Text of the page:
So here are a few simple ways to avoid hitting peak traffic: When possible, avoid travelling on the night of April 26th (Friday) the day of April 27th (Saturday) as well as May 5th and May 6th (Sunday and Monday). If you have absolutely no choice, then avoid high traffic hours during mid-morning and evening. For update information on delays and other emergencies, see the notification system for Central Japan Railway Company. All information here is available in English.
Buses are always a less expensive alternative for getting around Japan. But when booking during Golden Week, be especially careful when choosing your time. Any bus that departs around 8:00am or around 4:00pm is likely to get caught in traffic. It might not be the most fun getting up to catch a 6:00am bus, but it’s certainly better than sitting in traffic for an additional 3 hours or so. Visit Kosoku Bus for online bus bookings (information is available in English). On the day of travel, see the official site of Central Nippon Expressway for up to date road conditions and traffic alerts. While this site is only currently available in Japanese, there is a user guide available in English to make it user friendly.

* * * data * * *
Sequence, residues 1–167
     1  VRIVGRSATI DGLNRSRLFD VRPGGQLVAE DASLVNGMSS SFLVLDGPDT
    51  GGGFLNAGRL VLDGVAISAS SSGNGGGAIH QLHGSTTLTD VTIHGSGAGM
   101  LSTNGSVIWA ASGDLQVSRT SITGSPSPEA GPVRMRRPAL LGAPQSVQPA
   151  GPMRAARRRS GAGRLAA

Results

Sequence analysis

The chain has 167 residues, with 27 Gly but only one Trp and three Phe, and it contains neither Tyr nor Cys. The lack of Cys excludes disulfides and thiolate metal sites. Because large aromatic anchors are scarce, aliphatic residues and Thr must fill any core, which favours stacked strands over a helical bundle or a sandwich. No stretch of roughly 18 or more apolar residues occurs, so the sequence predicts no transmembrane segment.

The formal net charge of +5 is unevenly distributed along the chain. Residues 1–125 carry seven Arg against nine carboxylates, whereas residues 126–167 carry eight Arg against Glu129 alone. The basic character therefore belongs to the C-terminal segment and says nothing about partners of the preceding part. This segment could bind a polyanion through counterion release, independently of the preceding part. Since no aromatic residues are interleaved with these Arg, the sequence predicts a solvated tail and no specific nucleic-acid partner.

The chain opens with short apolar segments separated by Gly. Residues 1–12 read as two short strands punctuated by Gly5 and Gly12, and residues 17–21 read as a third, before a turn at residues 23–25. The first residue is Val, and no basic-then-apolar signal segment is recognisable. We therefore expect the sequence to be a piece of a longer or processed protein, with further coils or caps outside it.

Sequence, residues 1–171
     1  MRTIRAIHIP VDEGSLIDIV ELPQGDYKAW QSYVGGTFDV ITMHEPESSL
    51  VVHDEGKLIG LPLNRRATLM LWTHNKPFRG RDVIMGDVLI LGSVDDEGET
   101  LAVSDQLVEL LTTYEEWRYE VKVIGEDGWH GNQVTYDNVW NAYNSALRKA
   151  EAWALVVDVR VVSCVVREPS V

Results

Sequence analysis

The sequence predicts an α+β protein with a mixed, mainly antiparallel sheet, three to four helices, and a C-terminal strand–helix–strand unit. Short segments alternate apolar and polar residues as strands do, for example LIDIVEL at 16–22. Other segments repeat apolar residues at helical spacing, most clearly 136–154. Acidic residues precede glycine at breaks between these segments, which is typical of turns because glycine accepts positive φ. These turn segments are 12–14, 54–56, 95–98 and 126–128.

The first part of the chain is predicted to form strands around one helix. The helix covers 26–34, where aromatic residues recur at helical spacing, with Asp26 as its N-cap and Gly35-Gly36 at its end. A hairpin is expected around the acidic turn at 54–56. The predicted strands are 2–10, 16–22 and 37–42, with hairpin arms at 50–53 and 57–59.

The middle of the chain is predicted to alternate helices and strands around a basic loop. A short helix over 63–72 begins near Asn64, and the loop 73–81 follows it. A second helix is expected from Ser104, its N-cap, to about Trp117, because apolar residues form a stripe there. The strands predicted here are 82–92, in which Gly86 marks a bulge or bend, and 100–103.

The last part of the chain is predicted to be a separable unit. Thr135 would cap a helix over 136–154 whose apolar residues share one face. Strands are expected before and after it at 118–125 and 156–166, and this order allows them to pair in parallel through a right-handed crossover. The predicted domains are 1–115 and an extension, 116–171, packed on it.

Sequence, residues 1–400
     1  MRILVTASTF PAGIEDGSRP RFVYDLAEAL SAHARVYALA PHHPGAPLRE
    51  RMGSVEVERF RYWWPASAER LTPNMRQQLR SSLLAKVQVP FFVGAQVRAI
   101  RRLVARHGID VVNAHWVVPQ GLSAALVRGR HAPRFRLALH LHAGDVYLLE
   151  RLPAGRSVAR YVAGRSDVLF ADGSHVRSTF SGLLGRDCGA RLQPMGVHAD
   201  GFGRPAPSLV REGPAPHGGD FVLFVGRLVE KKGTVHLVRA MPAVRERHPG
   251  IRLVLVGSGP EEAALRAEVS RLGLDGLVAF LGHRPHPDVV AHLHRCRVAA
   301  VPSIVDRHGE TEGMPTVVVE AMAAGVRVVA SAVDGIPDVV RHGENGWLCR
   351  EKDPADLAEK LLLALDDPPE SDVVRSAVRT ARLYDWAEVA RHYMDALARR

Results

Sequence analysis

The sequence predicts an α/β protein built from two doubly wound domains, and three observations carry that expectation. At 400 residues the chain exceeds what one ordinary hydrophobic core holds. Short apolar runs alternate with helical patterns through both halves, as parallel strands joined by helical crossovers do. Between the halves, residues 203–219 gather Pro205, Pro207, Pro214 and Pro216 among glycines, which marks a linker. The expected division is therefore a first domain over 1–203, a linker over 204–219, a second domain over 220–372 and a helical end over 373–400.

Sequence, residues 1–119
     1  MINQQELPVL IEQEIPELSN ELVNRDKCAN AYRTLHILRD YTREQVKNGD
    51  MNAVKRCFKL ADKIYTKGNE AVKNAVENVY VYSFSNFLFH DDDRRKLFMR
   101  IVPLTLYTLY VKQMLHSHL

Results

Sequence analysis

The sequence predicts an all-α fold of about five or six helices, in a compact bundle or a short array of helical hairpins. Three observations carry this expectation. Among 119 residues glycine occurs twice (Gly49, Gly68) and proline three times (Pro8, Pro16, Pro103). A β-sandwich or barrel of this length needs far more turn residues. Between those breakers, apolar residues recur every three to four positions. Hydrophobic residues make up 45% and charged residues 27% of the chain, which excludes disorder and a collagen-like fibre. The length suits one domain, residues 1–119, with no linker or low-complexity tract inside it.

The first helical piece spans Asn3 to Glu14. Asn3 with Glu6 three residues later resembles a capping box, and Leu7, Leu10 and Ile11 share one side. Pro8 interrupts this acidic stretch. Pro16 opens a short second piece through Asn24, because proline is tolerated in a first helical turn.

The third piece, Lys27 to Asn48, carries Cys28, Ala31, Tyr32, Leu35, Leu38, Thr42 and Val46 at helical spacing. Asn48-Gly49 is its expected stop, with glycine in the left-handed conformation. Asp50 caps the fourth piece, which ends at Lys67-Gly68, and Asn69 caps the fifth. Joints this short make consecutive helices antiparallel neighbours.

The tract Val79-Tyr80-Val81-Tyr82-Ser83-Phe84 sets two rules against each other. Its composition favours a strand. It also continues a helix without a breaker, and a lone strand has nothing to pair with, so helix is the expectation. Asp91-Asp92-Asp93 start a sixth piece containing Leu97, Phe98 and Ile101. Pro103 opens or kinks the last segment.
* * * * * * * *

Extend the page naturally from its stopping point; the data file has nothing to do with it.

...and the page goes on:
Don’t let the challenge of planning discourage you!
Being in Japan during this literally once-in-a-lifetime Golden Week will give you a peek into this moment of great change for Japanese society, which in and of itself is an amazing opportunity. Just make sure that if you will be here, you’re planning smart. Be ready to book everything as soon as possible and avoid the travel traffic peaks.
GetAroundJapan is a travel information website of Japan. We cover different topics from the essential travel tips and the latest news about discount transportation passes to the list of SIM cards sold in the major airports.